The representativeness heuristic was first described by psychologists Daniel Kahneman and Amos Tversky. The representativeness heuristic judges the probability of an event according to the degree to which that event resembles a broader class. When queried, most will choose the first option because the description of John matches the stereotype we may hold for an archaeologist.
take-the-best-heuristic
The take-the-best heuristic is a decision-making shortcut that helps an individual choose between several alternatives. The take-the-best (TTB) heuristic decides between two or more alternatives based on a single good attribute, otherwise known as a cue. In the process, less desirable attributes are ignored.
biases
The concept of cognitive biases was introduced and popularized by the work of Amos Tversky and Daniel Kahneman since 1972. Biases are seen as systematic errors and flaws that make humans deviate from the standards of rationality, thus making us inept at making good decisions under uncertainty.
bundling-bias
The bundling bias is a cognitive bias in e-commerce where a consumer tends not to use all of the products bought as a group, or bundle. Bundling occurs when individual products or services are sold together as a bundle. Common examples are tickets and experiences. The bundling bias dictates that consumers are less likely to use each item in the bundle. This means that the value of the bundle and indeed the value of each item in the bundle is decreased.
barnum-effect
The Barnum Effect is a cognitive bias where individuals believe that generic information – which applies to most people – is specifically tailored for themselves.
first-principles-thinking
First-principles thinking – sometimes called reasoning from first principles – is used to reverse-engineer complex problems and encourage creativity. It involves breaking down problems into basic elements and reassembling them from the ground up. Elon Musk is among the strongest proponents of this way of thinking.
ladder-of-inference
The ladder of inference is a conscious or subconscious thinking process where an individual moves from a fact to a decision or action. The ladder of inference was created by academic Chris Argyris to illustrate how people form and then use mental models to make decisions.
six-thinking-hats-model
The Six Thinking Hats model was created by psychologist Edward de Bono in 1986, who noted that personality type was a key driver of how people approached problem-solving. For example, optimists view situations differently from pessimists. Analytical individuals may generate ideas that a more emotional person would not, and vice versa.
second-order-thinking
Second-order thinking is a means of assessing the implications of our decisions by considering future consequences. Second-order thinking is a mental model that considers all future possibilities. It encourages individuals to think outside of the box so that they can prepare for every and eventuality. It also discourages the tendency for individuals to default to the most obvious choice.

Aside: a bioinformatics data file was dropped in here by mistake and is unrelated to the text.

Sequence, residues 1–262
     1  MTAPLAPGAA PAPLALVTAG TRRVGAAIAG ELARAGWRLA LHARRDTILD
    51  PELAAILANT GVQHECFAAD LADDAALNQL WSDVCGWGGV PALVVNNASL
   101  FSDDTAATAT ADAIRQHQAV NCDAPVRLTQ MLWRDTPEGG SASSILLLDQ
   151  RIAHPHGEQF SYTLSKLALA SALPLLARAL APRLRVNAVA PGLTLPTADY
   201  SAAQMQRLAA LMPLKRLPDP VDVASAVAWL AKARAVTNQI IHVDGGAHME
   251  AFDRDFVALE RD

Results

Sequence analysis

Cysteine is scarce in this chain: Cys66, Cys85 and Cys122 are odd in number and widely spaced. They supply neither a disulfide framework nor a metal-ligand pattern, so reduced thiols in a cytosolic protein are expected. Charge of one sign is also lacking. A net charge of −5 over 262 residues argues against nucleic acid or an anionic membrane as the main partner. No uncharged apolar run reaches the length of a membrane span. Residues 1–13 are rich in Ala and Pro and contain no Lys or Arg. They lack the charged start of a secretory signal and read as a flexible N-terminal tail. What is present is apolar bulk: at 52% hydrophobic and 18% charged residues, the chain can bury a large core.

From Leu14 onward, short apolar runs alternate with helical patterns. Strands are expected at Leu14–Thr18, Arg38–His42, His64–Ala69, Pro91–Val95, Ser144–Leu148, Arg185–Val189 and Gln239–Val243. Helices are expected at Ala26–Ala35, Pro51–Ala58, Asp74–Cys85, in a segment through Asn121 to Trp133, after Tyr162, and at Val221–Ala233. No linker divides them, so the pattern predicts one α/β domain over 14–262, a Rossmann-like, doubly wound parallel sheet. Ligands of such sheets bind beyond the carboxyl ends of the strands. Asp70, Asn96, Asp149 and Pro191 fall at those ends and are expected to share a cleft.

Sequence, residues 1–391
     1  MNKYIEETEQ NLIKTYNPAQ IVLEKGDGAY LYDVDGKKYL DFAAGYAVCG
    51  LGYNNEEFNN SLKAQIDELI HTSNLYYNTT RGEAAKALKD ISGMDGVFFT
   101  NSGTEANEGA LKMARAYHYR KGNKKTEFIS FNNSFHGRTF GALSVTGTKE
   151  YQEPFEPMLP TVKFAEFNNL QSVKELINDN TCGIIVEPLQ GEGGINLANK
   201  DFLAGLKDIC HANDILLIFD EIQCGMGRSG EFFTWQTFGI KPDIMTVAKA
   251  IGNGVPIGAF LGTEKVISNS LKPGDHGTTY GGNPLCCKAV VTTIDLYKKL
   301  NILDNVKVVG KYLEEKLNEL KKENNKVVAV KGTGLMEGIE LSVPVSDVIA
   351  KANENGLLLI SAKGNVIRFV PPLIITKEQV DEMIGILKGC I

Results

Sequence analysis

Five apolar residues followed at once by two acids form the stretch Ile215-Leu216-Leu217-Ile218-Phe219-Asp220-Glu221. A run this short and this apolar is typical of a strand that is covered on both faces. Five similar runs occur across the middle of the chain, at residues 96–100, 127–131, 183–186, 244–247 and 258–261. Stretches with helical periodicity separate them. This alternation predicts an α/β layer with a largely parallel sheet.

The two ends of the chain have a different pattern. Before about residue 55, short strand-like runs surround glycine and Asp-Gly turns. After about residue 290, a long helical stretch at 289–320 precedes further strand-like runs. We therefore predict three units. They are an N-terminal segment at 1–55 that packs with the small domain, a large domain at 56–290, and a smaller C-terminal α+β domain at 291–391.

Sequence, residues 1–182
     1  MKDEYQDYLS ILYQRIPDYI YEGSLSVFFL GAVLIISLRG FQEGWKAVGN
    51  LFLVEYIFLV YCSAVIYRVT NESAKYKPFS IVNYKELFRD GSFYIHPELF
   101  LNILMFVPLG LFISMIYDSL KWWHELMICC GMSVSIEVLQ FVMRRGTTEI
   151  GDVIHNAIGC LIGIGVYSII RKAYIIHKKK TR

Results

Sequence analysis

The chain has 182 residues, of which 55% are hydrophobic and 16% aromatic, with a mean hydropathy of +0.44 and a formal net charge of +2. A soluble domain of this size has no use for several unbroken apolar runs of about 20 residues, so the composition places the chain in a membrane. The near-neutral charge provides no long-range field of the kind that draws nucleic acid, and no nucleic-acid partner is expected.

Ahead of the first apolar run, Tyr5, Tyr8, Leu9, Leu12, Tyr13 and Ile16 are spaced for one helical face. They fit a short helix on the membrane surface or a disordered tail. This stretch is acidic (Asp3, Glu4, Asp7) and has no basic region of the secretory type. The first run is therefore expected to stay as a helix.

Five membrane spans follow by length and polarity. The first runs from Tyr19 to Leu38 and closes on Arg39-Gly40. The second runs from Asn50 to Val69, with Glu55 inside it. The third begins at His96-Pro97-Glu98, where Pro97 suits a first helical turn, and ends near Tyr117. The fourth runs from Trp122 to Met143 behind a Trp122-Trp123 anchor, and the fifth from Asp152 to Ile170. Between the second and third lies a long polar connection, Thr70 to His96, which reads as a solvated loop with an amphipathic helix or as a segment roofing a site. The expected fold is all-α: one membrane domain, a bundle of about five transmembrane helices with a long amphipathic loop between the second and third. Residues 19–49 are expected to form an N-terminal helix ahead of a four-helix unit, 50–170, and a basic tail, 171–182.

lateral-thinking
Lateral thinking is a business strategy that involves approaching a problem from a different direction. The strategy attempts to remove traditionally formulaic and routine approaches to problem-solving by advocating creative thinking, therefore finding unconventional ways to solve a known problem. This sort of non-linear approach to problem-solving, can at times, create a big impact.
moonshot-thinking
Moonshot thinking is an approach to innovation, and it can be applied to business or any other discipline where you target at least 10X goals. That shifts the mindset, and it empowers a team of people to look for unconventional solutions, thus starting from first principles, by leveraging on fast-paced experimentation.
design-thinking
Tim Brown, Executive Chair of IDEO, defined design thinking as “a human-centered approach to innovation that draws from the designer’s toolkit to integrate the needs of people, the possibilities of technology, and the requirements for business success.” Therefore, desirability, feasibility, and viability are balanced to solve critical problems.
catwoe-analysis
The CATWOE analysis is a problem-solving strategy that asks businesses to look at an issue from six different perspectives. The CATWOE analysis is an in-depth and holistic approach to problem-solving because it enables businesses to consider all perspectives. This often forces management out of habitual ways of thinking that would otherwise hinder growth and profitability. Most importantly, the CATWOE analysis allows businesses to combine multiple perspectives into a single, unifying solution.

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Published by

Gennaro Cuofano

Gennaro is the creator of FourWeekMBA which reached over a million business students, executives, and aspiring entrepreneurs in 2020 alone | He is also Head of Business Development for a high-tech startup, which he helped grow at double-digit rate | Gennaro earned an International MBA with emphasis on Corporate Finance and Business Strategy | Visit The FourWeekMBA BizSchool | Or Get The FourWeekMBA Flagship Book "100+ Business Models"